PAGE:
In November 2018, WoodenBoat Senior Editor Tom Jackson visited Leo Goolden at the workshop in Sequim, Washington, where he is reconstructing the 1910 Albert Strange yacht TALLY HO. Goolden, a native of England who learned boatbuilding in yards in Bristol and Cornwall, wrote in WB No. 267 about the daunting task of replacing the 48′ LOA yacht’s timber keel. In that same issue, Jackson also wrote about Goolden and three other boatbuilders in their 20s and early 30s who have taken on significant boatbuilding challenges. Here is Jackson’s interview with Goolden, edited for length and clarity:
First of all, how did you start in boats, when and where, and how did that come to you?
Leo: Well, it was kind of late, by some people’s standards. I didn’t really have any experience until I was about 20, although I’d always been very adventurous, I guess, and sort of liked the idea of the sea and being on it. I was traveling for a couple of years, between the ages of 18 and 20, and it was while I was on that trip that I was kind of trying to figure out just what I wanted to do with my life, or what I wanted to do when I got home. I put off a place at university to keep traveling, and I had sort of figured out that I didn’t want to do that.
I didn’t sail on that trip. I took a few sort of ferry rides, and just kind of really enjoyed that way of traveling, actually, and I got really sick of buses and hitchhiking, and airplanes.
What countries were you in?
Leo: So, I traveled through Asia, India, Southeast Asia, Indonesia, and spent a bit of time in Australia and New Zealand as well. It was really probably the best thing I ever did, because it led me on to sort of follow my own path since then. I don’t even really know where it came from, but I had this idea about building wooden boats. I knew I wanted to do something with wood, or with my hands. I had a bit of carpentry experience just from growing up at home, and just hanging out with my dad. He does a lot of that. And I did a few things while I was traveling like basic construction jobs. I’ve always enjoyed making stuff. I figured I’d like to do something like that.
Where in England did you grow up?
Leo: In Somerset, in the southwest. It’s rural. Although I was born in Bristol, there isn’t much sailing there these days, except for dinghies on the docks, and it’s a hugely important historical maritime port. And so I grew up just outside Bristol, really.
But the idea of traveling by boat, and being able to work and build them, and being able to maintain your own boat—and specifically a wooden boat—it just seemed such a romantic and beautiful way of life, and that was cool. And enjoyable.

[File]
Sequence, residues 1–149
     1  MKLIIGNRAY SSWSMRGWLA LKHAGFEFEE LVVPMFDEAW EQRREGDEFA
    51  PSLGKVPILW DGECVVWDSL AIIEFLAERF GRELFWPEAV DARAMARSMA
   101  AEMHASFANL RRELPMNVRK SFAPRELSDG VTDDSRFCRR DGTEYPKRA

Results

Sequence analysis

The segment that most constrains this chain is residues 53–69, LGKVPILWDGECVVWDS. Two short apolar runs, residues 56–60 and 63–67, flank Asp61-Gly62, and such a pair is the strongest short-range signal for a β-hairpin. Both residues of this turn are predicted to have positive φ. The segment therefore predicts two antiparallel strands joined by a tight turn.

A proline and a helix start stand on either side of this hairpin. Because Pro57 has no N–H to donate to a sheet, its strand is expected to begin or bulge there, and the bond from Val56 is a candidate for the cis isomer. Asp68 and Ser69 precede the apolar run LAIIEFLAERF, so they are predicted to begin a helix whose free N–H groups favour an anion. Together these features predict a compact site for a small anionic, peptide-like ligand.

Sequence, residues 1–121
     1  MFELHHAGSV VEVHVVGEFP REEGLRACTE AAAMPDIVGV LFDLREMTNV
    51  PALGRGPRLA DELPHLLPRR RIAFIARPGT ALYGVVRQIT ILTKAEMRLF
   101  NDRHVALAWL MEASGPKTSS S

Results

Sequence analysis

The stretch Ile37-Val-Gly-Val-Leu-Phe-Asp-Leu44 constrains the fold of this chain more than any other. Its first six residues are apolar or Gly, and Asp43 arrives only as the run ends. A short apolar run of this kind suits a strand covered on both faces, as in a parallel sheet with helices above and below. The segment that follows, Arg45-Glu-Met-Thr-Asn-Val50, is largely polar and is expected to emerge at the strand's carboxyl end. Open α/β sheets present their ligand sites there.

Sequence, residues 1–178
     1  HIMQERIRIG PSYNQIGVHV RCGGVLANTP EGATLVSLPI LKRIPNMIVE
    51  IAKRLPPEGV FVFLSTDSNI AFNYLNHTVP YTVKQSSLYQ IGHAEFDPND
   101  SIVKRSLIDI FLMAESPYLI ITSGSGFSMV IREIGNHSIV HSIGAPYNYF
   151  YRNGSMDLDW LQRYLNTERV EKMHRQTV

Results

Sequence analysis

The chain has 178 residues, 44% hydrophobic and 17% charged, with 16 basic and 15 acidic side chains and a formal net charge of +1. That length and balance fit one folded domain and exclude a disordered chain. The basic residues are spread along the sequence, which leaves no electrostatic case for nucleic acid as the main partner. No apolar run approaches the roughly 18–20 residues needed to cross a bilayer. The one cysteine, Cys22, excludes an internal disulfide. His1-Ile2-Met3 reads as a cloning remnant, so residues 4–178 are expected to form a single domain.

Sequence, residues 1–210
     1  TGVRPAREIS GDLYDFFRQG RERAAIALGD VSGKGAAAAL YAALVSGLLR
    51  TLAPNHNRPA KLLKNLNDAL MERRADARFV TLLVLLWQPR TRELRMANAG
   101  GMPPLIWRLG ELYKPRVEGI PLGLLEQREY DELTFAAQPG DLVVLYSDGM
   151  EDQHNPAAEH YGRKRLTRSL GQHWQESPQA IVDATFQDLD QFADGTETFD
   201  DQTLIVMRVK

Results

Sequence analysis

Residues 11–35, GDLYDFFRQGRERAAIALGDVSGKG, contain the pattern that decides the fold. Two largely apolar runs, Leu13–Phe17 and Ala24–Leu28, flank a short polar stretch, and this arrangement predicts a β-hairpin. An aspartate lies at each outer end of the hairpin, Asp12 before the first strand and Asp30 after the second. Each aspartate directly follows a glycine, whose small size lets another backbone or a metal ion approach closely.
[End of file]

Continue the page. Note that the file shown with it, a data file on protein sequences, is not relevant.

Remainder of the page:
So the boatbuilding idea came to you even before sailing?
Leo: Yeah. The two ideas came kind of intertwined. But they both came before I’d actually done any sailing. So I went home with that goal in mind. I went back and stayed with my dad for a bit, and I was looking into doing a course, maybe at IBTC [International Boatbuilding Training College, in Lowestoft], but at the time I couldn’t afford it. I didn’t have any money, having been traveling; I came back skint. I was looking into grants, and not sure what I’d do. Anyway, I ended up in Bristol just wandering around one day, and went to the Underfall docks, which at the time was the only boatyard in Bristol. It’s the historic part of the Bristol docks, and you can just walk through it, next to all the sheds. I just went in and started asking around, and one of the guys who works there, John Raymond Barker, he agreed to take me on as an unpaid laborer apprentice. I was staying at my dad’s, but just a few days later I moved up to Bristol.
You were 20 at this time?
Leo: Yeah. I lived under a flight of stairs in my friend’s basement in the nastiest part of Bristol for a few months. And then, after working for John for maybe three months, one of the guys who was working in the same shed invited me to go sailing with him on this three-masted cornish lugger called PEEL CASTLE. That was down in Spain. So I went and I spent two or three months with him. And that was actually my first sailing experience apart from dinghies off the dock in Bristol. And then, after that, I just started getting more and more experience with the other guys in the yard, because they all had their own wooden boats, or on the boats that John had previously built. Eventually, the boat I was building, we took that out for sea trials. She’s called EDITH GRAY. She’s a pilot cutter, but it is kind of John’s own take on the pilot cutter design. He redid the lines, which are more extreme than traditional pilot cutters. She had a very deep keel. She was very fast. She was good.